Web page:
Interzone 219
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Author:  galaxie500 [ Thu Dec 04, 2008 10:06 am ]
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Another good issue of Interzone.
I think that The Fix review was to harsh.
Everything that Matters reminded me of one of my favourite SF stories, The Doors of His Mouth..., by Zelazny. It's not that good, but very enjoyable read.
Jason Sanford is turning into one of the most promising young authors. All of his three stories published this year are excellent, especially two published in Interzone. When Thorns... is just as good as the previous one and both of them would have been in my Best of the Year collection if my name were Gardner.
The Shenu is well written urban fantasy, and that is the only story in this issue I could do without, because there's nothing interesting going on in it.
The Fifth Zhi is another very good story by Mercurio Rivera, but the february one would be in my Best of and this one would miss it by an Angstrom.
Gord Sellar is another in the batch of new talented writers and obviously obsessed with some kind of positive terrorism (see his Asimov's story) if such a thing exists.
The Country of the Young is well written, Ji Ah is very believeable character, and inevitable end is excellent finish to the great story.
Butterfly falling at Dawn is the second story set in Mexica alternate future, in fact a mystery, and as the mystery it wouldn't be so good were it not for the subtext of refugees. And that's what gives this story positive mark.
Al in all, very good issue with two outstanding stories and two very good, and not a single bad one.

Author:  davebowman [ Thu Dec 04, 2008 12:04 pm ]
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Another good issue, though I'd have to add another shout out to 'When Thorns Are the Tips of Trees' as the highlight of the fiction, closely followed by 'The Country of the Young' and 'The Fifth Zhi'.

Author:  Ray [ Wed Dec 10, 2008 4:54 pm ]
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Just to add my penny's worth, I thought 'When Thorns...' was an excellent story, and if I remember rightly in thinking the previous submission was the 'ships in the rain' story (sorry, don't have the magazines to hand to check titles) then I'm liking this writer a lot.

I'm always impressed with Interzone and have never been disappointed with an issue. Thanks for such a frequent variety of stories.

Author:  Andy [ Thu Dec 11, 2008 10:15 am ]
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Review on Best SF.

Author:  Jim Steel [ Thu Dec 11, 2008 3:50 pm ]
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Review at The Barking Dog

Author:  Aliette de Bodard [ Sat Dec 13, 2008 8:04 pm ]
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Highlight of the fiction for me was "The Country of the Young", which was a very realistic depiction of what a growing age difference would do to a marriage, set in a chillingly believable universe. Also enjoyed very much "Everything that Matters", which was a fun read with its tongue firmly in its cheek from beginning to end--you have to love the excruciating reconstruction of the poor protagonist and his plans for getting the girl and the treasure :D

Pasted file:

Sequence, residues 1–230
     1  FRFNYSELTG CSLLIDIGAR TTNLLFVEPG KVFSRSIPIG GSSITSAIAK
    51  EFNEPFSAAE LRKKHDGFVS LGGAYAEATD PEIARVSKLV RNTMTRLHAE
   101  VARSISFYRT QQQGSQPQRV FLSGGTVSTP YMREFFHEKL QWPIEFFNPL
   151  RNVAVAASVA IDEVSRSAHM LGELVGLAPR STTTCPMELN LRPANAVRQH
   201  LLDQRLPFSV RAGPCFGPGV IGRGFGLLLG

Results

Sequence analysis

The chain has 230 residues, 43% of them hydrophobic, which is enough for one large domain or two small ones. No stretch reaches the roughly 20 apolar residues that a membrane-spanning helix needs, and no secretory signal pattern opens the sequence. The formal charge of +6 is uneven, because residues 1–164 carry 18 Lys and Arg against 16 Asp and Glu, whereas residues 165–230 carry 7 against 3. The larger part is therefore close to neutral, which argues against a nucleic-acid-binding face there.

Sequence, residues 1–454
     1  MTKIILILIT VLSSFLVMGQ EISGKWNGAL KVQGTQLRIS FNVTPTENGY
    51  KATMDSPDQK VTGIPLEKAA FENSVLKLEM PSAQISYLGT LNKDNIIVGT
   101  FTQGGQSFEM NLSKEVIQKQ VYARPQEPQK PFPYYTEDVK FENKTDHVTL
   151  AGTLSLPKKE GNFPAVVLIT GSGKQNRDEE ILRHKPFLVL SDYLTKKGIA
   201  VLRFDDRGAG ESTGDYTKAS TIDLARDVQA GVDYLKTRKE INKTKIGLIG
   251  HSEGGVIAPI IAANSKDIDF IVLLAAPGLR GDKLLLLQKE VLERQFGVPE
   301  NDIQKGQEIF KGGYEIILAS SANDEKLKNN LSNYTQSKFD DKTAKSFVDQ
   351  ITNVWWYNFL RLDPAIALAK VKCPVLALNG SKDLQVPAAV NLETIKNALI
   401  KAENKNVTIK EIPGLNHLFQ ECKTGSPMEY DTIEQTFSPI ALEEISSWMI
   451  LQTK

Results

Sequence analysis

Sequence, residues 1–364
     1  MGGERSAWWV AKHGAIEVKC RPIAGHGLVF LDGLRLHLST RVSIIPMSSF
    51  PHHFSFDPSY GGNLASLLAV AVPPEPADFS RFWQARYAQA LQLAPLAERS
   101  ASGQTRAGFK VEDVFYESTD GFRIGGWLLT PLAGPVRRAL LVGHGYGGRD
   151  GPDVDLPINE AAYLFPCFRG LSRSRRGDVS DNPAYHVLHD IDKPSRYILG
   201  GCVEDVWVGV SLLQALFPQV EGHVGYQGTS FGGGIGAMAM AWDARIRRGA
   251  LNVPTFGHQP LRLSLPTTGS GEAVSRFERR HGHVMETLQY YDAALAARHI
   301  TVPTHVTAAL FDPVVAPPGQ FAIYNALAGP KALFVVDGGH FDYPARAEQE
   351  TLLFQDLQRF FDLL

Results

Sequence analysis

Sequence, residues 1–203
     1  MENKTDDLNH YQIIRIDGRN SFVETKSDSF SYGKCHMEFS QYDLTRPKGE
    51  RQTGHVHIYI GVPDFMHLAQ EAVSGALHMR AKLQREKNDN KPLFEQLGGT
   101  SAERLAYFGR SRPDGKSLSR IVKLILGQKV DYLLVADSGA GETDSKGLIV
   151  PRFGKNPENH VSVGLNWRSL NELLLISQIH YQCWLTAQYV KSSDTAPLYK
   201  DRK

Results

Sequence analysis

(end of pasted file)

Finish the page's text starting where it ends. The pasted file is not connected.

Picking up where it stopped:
Author:  Djibril [ Sun Dec 14, 2008 12:48 am ]
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Highlight of this issue for me was 'When Thorns are the Tips of Trees', which although it was almost entirely spiritual rather than political or speculative had a very good feel to it, was original and well thought-out, and was moving and honest. Very good stuff.

'Butterfly Falling' was also a memorable story for me, not just because of the plot itself (which was gripping but unremarkable mystery), but because of the background which was one of the most well constructed alternative histories I've come across. (I don't thing I've read the other stories in this setting.) One of our reviewers compared it favorably to another modern Aztec story, with the words: "The culture that results from this twisting, mixing, and subverting is not quite the same as anything in our real world." And that's the point: so many alternative histories assume that if a certain empire hadn't fallen, then a thousand years later they'd be just the same as they were in the historical record, just with modern technology. Which is so not the case.

'The Country of the Young' was an excellent speculation on what anti-aging technologies might mean for us in a realistic political context. I've read other stories on this topic recently, and this one stands out among them for taking a cynical, pragmatic, but human angle.

The other three stories were also all good. This was a rare issue with no duds at all, in my opinion. (Rare not for IZ, which is usually good, but for any magazine.)

Author:  Jim Steel [ Sat Dec 27, 2008 9:51 pm ]
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Colin Harvey reviews IZ219 in Suite 101

Author:  Aliette de Bodard [ Fri Jan 02, 2009 6:56 pm ]
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SF Crowsnest review
SFRevu review

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